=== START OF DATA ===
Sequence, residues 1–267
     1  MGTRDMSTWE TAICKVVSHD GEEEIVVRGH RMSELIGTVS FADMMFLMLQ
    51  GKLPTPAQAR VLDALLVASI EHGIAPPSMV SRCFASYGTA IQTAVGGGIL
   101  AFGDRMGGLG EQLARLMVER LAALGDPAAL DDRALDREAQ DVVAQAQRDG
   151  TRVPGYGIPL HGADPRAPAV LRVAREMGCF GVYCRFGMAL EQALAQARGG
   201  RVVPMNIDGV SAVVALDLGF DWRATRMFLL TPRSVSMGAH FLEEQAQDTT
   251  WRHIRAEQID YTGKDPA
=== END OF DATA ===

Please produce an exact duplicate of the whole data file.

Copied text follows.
Sequence, residues 1–267
     1  MGTRDMSTWE TAICKVVSHD GEEEIVVRGH RMSELIGTVS FADMMFLMLQ
    51  GKLPTPAQAR VLDALLVASI EHGIAPPSMV SRCFASYGTA IQTAVGGGIL
   101  AFGDRMGGLG EQLARLMVER LAALGDPAAL DDRALDREAQ DVVAQAQRDG
   151  TRVPGYGIPL HGADPRAPAV LRVAREMGCF GVYCRFGMAL EQALAQARGG
   201  RVVPMNIDGV SAVVALDLGF DWRATRMFLL TPRSVSMGAH FLEEQAQDTT
   251  WRHIRAEQID YTGKDPA